“There’s No Flies at Noonkanbah but the Scabs Are on the Way”: Trade Union Support for Aboriginal Rights during the Noonkanbah Dispute, 1979–80
In the late 1970s the Noonkanbah Aboriginal community in the Kimberley region of Western Australia took a determined stand against oil exploration on their land. The exploration was to be carried out by a US-based multinational, and had been approved by the Liberal government of Charles Court. The campaign found many allies, including the trade union movement. Trade union support included an official Australian Council of Trade Unions (ACTU) and Trades and Labor Council of Western Australia (TLC) ban placed on drilling for oil which was actively supported by members of the Transport Workers’ Union (TWU) and Australian Workers’ Union (AWU), who refused to transport cargo and drill for oil respectively. This case study of union industrial action taken in support Aboriginal rights has not been adequately documented or analysed. The evidence shows that important pre-conditions for this labour movement contribution were a high level of industrial militancy and confidence among unions, and political leadership from some activists within the movement who supported a broader agenda of social change.
Adopted Apprentices: Juvenile Recruitment in Australian Circus, 1847–1942
Mark St Leon
Recent studies on the history of circus in Australia draw attention to the practise of recruiting male and female juveniles as trainee performers to augment a circus family or circus troupe. In oral recollections, circus people loosely described these juveniles as “apprenticed” or “adopted.” Although several nefarious examples of recruitment have been previously described in detail, historians have not explained the wider contexts in which such recruitment took place. The constant need for circus proprietors to embellish their programs drove the demand for these juveniles. This article explores the factors influencing the supply of juvenile circus labour, focussing on the evolving social, legislative and economic contexts within which juveniles were recruited into circus between 1847 (the foundation year of circus in Australia) and 1942 (when most circus companies temporarily ceased operations owing to wartime restrictions and by which time juvenile recruitment was largely extinguished). The study highlights the worth of deeper scholarly enquiry into this previously neglected group of young workers. It also demonstrates the complexity of labour practises in theatrical entertainments, generally, and in itinerant entertainments such as circus in particular. In doing so, the study suggests the need to reconsider the distinction between the margins and mainstream of Australian labour and social history.
Denis Murphy, the University of Queensland and Labour History, 1966–83: A Reassessment
This paper explores the flowering of labour history at the University of Queensland between 1966 and 1983; a blossoming that not only laid foundations for the discipline in Queensland but which also provided an interpretation at odds with the then dominant “Old Left” historiography. It is argued that, in addition to Denis Murphy’s efforts, there were four complex and unstable factors behind this flowering: initial support from Queensland Labor, senior mentors (notably Roger Joyce and Colin Hughes), a favourably inclined University of Queensland Press manager and a reservoir of labour history theses. While these factors underpinned publications between 1966 and 1983, by the latter date their impetus was largely exhausted. Subsequent advances occurred in less propitious circumstances.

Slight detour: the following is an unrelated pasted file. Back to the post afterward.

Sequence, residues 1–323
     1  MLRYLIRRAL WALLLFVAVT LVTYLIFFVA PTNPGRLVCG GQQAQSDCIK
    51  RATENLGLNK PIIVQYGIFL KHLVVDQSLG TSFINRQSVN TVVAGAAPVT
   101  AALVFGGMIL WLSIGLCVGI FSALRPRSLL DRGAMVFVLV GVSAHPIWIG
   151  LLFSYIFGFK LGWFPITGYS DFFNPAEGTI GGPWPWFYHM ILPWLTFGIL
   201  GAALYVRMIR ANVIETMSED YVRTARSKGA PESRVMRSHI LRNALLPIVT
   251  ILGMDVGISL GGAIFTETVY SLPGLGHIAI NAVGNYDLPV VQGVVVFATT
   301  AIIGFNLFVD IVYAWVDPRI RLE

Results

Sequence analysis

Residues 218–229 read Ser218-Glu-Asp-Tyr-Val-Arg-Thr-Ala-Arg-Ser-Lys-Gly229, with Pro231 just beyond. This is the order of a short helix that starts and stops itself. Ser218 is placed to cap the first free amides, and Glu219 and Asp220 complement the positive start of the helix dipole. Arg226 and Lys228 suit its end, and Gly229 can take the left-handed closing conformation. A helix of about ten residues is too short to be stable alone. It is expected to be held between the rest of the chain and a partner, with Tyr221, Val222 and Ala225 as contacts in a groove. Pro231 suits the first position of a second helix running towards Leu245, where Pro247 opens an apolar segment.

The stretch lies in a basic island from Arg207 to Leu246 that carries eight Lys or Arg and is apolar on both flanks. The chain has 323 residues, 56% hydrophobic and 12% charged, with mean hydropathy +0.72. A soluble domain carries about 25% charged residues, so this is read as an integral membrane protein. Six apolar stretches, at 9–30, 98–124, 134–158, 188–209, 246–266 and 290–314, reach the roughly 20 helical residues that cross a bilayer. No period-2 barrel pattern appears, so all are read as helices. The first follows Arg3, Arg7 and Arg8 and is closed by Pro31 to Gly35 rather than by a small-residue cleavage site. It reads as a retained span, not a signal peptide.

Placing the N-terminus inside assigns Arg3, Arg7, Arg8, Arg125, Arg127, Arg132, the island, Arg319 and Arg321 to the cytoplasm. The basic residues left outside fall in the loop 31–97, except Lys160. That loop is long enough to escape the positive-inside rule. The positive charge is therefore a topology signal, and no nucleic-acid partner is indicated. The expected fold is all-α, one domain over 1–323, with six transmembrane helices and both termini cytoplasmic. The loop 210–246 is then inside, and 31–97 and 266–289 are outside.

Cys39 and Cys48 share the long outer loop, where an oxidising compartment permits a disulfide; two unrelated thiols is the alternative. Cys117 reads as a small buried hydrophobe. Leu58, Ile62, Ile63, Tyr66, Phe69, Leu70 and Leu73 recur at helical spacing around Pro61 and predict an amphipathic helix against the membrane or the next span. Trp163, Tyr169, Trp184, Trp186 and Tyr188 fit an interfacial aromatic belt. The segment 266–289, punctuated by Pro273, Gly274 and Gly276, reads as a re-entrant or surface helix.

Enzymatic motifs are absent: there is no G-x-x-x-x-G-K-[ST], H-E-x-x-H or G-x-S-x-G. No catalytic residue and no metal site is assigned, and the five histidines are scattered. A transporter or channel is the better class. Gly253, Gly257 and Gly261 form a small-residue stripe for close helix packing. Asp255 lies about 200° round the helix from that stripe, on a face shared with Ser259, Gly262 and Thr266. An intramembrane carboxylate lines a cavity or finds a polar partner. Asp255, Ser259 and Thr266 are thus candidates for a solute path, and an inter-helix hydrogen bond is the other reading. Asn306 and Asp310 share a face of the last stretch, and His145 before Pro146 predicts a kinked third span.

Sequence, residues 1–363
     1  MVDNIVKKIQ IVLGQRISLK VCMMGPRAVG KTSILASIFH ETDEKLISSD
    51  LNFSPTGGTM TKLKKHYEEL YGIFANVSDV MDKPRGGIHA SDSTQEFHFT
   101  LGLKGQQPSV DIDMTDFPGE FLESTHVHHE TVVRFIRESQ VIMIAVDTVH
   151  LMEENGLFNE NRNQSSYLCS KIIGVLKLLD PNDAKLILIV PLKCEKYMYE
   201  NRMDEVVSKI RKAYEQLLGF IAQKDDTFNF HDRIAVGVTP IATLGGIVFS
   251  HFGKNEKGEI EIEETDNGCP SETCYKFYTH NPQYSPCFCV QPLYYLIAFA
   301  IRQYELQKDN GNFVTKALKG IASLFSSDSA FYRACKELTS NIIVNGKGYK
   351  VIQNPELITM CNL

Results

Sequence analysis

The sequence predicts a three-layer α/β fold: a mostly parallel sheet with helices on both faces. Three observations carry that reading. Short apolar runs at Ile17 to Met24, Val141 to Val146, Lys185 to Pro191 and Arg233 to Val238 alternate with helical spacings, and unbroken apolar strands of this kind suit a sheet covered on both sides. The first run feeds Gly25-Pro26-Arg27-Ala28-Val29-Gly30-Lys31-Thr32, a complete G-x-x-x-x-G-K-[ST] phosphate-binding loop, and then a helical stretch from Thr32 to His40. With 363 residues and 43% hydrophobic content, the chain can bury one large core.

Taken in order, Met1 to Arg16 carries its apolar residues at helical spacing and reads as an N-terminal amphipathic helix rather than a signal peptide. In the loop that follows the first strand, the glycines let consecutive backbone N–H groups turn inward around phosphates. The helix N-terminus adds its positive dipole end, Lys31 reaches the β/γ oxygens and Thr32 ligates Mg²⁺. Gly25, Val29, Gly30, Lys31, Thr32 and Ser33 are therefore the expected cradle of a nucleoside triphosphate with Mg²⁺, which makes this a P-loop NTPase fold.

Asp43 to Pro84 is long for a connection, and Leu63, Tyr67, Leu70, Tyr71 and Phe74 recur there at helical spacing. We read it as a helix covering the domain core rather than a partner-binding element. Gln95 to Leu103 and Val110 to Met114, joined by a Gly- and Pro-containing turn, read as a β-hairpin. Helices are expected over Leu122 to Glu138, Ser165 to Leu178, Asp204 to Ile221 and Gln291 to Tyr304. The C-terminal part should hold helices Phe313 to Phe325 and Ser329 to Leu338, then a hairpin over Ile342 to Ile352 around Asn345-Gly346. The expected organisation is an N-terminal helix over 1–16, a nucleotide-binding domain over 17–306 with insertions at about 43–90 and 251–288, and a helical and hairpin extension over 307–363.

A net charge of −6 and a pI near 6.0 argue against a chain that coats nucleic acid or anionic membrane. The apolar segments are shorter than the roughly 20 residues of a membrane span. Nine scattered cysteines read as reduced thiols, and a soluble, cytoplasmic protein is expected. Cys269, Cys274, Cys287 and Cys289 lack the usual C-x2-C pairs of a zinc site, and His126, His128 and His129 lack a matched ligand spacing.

The Genesis and Performance of an Australian Wage-Fixing System in Papua New Guinea
Benedict Y. Imbun
The functioning of inherited institutions in former colonised countries is embedded with their character and history. This is particularly the case for institutions such as wage boards which shape polices aimed at maintaining and restoring equity considerations for both workers and employers. Yet post-colonial institutions’ performances and progress have not attracted much interest in academic discourse. This article examines the establishment and performance of an Australian-styled minimum wage fixing system in Papua New Guinea (PNG). It attempts to fill the void in understanding the performance of inherited institutions in post-independence circumstances. The article does it through discussing several aspects of the wage fixation system. First, it explains the development and functioning of the MWB in pre-and post-independence period. Second, the article highlights the MWB’s salient characteristics, its aims, membership composition, and the various wage determinations for the country. It argues that the proper functioning of such institutions contribute to the achievement and economic and social development goals. In the case of PNG, the article raises three main questions pertaining to: how and why the country embraced an Australian-style wage fixation system, how it function in the post-independence era, and what did the 2000 MWB determination and subsequent events suggest about the development of this system. Above all, the article provides valuable insight into understanding and explanation of the reasons and circumstances characterising a developing country’s embracement of an imposed wage fixation system and its operations in the post-colonial period.